Trust the Income 

09/16/2009 11:35 am EST

Focus: GLOBAL

Roger Conrad

Founder and Chief Editor, Capitalist Times

These Canadian trusts have been discounted for a tax hit that's not in the cards, writes Roger Conrad in Utility Forecaster.

On Halloween 2006, Canadian Finance Minister Jim Flaherty reversed a Conservative Party promise not to tax income trusts. Since then, many investors have treated the taxation date of January 1, 2011, as an effective doomsday. They’re in for a surprise.

Barring an increasingly unlikely last-minute change in the law, trusts will convert to corporations by 2011. What dividend they’ll pay after that, however, is entirely management’s decision. And a growing number—including eight that have already converted—will absorb the new taxes without cutting dividends.

Since October 31, 2006, trusts have priced in dividend cuts of 30% and worse. As a result, no-cut conversions thus far have generated immediate windfall gains of 30% and more, and there’s a lot more to come.

Yielding 12%, Atlantic Power (TSX: ATP-U, OTC: ATPWF) is organized as an income participating security (IPS) and has no 2011 taxation issues. In 2016, the bond portion of the IPS matures at par value of C$5.767 ($5.25). That leaves a pure equity yielding about 15% at current prices. Atlantic could pay off the debt entirely or, the more likely outcome, realign its debt into US dollars to match its entirely US portfolio.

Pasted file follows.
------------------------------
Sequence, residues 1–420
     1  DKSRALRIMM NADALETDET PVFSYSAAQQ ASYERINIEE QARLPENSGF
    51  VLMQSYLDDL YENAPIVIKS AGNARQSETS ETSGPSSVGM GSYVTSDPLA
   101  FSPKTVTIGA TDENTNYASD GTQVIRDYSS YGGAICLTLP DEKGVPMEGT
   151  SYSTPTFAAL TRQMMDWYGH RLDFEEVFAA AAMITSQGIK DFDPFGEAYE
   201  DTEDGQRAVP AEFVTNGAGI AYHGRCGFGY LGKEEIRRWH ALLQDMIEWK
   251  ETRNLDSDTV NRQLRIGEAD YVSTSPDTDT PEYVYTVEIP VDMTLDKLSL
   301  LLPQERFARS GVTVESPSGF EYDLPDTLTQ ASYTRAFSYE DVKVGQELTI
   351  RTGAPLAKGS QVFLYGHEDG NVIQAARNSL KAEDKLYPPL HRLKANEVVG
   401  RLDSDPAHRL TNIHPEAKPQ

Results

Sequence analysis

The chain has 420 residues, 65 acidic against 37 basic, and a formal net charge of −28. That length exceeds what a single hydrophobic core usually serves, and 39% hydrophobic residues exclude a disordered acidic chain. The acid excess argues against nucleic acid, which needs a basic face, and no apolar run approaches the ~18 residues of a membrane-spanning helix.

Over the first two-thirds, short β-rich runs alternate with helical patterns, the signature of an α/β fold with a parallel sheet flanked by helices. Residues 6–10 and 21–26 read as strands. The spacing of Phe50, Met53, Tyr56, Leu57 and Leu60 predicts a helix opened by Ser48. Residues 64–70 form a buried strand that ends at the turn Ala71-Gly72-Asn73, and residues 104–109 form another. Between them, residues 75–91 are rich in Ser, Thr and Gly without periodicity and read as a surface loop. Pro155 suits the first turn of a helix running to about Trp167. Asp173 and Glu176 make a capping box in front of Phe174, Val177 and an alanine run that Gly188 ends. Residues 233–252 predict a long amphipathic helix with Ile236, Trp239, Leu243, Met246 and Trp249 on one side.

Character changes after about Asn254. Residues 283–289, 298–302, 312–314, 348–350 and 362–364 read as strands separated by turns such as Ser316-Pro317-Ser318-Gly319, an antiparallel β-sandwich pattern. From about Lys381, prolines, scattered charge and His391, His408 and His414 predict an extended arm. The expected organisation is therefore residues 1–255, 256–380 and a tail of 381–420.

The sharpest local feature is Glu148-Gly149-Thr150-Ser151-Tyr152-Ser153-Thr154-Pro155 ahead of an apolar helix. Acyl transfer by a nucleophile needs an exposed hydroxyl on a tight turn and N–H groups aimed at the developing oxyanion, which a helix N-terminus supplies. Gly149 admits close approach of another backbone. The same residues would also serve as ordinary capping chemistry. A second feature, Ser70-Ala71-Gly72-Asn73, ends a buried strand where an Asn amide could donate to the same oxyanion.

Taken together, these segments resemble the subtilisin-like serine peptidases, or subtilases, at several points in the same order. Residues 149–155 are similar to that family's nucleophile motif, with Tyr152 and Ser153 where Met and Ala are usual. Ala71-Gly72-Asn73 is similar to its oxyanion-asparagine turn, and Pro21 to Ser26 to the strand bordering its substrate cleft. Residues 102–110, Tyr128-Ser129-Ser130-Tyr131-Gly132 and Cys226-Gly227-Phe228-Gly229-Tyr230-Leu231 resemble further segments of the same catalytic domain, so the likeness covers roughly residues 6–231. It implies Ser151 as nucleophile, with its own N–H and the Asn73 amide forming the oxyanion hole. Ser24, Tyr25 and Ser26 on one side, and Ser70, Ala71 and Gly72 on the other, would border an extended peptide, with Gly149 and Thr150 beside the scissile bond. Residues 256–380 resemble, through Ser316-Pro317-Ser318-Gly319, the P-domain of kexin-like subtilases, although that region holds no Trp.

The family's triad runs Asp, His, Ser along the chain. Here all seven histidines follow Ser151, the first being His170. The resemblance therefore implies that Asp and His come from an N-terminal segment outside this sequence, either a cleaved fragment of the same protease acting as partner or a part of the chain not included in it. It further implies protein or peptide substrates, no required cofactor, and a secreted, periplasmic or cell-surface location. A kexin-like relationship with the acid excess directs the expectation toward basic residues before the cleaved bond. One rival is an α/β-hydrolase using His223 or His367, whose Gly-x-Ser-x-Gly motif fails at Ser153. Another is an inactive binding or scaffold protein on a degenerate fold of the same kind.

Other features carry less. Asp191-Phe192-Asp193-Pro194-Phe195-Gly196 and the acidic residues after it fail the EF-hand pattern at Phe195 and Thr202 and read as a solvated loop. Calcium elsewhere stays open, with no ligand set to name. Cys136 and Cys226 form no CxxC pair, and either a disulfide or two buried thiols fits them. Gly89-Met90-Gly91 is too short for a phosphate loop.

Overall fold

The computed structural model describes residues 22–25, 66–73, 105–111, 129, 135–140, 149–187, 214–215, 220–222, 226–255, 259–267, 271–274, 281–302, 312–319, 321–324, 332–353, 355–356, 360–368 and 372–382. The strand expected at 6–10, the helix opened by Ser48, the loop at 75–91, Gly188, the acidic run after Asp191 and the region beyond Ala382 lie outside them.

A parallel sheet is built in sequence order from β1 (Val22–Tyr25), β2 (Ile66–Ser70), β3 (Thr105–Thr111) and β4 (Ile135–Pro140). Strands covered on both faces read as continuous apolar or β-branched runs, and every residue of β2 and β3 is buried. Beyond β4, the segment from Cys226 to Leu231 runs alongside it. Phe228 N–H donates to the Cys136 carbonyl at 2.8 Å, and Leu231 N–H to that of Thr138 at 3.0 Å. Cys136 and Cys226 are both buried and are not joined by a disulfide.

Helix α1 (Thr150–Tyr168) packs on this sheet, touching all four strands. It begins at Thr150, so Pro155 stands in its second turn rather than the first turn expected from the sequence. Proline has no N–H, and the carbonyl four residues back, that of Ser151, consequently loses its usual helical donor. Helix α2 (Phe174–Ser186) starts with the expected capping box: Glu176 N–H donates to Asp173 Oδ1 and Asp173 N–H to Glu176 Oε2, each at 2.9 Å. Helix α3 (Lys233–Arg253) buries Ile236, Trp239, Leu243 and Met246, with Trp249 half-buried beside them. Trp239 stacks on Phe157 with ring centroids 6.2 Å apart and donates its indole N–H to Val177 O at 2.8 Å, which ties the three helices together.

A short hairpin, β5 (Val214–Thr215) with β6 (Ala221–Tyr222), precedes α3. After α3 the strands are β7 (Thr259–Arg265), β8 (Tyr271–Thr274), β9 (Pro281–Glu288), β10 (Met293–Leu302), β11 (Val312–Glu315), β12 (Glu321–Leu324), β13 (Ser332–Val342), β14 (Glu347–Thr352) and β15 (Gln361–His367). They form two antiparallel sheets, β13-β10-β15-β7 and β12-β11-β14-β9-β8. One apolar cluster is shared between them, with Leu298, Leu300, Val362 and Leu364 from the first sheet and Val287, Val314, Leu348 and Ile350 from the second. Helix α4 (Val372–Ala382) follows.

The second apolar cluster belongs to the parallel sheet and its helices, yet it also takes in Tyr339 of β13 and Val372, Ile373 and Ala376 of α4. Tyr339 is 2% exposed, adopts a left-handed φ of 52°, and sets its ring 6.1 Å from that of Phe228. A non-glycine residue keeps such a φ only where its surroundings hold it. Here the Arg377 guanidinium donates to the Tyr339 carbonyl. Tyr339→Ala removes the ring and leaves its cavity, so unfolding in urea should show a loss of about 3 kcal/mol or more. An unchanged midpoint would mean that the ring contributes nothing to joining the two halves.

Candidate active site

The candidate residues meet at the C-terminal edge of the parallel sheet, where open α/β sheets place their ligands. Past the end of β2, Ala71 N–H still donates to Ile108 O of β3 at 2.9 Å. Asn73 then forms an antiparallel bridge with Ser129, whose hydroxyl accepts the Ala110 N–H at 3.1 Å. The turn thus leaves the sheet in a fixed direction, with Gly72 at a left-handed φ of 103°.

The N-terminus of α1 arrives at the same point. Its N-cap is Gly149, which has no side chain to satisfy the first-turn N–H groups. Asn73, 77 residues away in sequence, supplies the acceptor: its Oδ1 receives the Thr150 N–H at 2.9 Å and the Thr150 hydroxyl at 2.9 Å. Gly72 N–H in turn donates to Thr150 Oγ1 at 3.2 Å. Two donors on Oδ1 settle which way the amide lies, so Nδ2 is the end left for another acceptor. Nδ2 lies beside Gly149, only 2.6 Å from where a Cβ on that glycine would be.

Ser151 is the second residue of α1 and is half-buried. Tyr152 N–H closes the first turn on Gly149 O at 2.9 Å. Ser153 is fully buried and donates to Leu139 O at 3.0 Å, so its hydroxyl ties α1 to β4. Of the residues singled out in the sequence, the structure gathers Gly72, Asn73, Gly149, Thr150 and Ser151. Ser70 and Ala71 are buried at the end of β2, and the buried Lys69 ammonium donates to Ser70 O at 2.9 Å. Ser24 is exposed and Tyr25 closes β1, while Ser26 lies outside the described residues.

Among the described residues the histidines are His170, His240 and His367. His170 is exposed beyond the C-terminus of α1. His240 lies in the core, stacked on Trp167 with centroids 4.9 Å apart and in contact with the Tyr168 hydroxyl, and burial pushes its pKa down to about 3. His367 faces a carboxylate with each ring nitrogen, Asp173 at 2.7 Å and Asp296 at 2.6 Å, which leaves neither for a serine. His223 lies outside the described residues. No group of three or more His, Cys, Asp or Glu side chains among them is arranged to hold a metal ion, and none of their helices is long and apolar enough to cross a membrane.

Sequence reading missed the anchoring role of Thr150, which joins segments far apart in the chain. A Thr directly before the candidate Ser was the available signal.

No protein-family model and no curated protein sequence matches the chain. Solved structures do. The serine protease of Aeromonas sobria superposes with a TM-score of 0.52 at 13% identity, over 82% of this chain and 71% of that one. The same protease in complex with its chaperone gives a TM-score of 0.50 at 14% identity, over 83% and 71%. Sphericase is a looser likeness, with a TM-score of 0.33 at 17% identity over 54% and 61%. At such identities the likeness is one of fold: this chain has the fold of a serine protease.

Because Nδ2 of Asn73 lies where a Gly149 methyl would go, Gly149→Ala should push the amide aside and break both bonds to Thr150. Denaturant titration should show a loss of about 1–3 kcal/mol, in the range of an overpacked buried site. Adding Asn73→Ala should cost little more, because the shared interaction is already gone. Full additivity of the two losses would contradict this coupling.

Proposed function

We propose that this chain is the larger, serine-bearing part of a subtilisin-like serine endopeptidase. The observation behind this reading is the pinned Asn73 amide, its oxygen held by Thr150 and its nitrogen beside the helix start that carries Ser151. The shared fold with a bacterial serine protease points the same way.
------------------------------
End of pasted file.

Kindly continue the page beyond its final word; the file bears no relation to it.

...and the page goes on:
Meanwhile, the second-quarter payout ratio of 68% demonstrates a secure cash stream that’s ensured against commodity, economic, currency, and interest-rate risk. Management continues to maximize shareholder value, inking a deal to sell for cash its 50% stake in a Georgia plant that won’t contribute to income for several years. Buy Atlantic Power up to $10. [The OTC-traded ADR closed at $8.47Tuesday—Editor.]

Pembina Pipeline Income Fund’s (TSX: PIF-U, OTC: PMBIF) management states its current asset mix will support its dividend for at least five years after converting to a corporation. Second-quarter revenue surged 12%, and operating income ticked up 10%, pushing up distributable cash flow per share 13.9%. Standard & Poor’shas affirmed the BBB+ credit rating, citing the continued low-risk expansion of fee-based energy infrastructure assets.

The latest of these are the purchase of the Cutbank processing complex from Talisman Energy (TSX: TLM, NYSE: TLM) and the construction of the Mitsue and Nipisi oil sands projects, which will start adding to cash flow next year. Buy Pembina Pipeline Income Fund up to $16. [The OTC-traded ADR closed at $14.22 Tuesday—Editor.]

Bell Aliant Regional Communications Income Fund (TSX: BA-U, OTC: BLIAF) has indicated it may trim its 11% yield when it converts to a corporation. But it continues to up-sell customers to broadband service and cut costs at a faster rate than it’s losing basic phone business. Distributable cash flow covered the payout by a comfortable 1.13-to-1 margin in the second quarter. A major government-backed broadband effort in Atlantic Canada promises to further boost cash flow. Buy Bell Aliant Regional Communications Income Fund up to $28. [The OTC-traded ADR closed at $24.96 Tuesday—Editor.]

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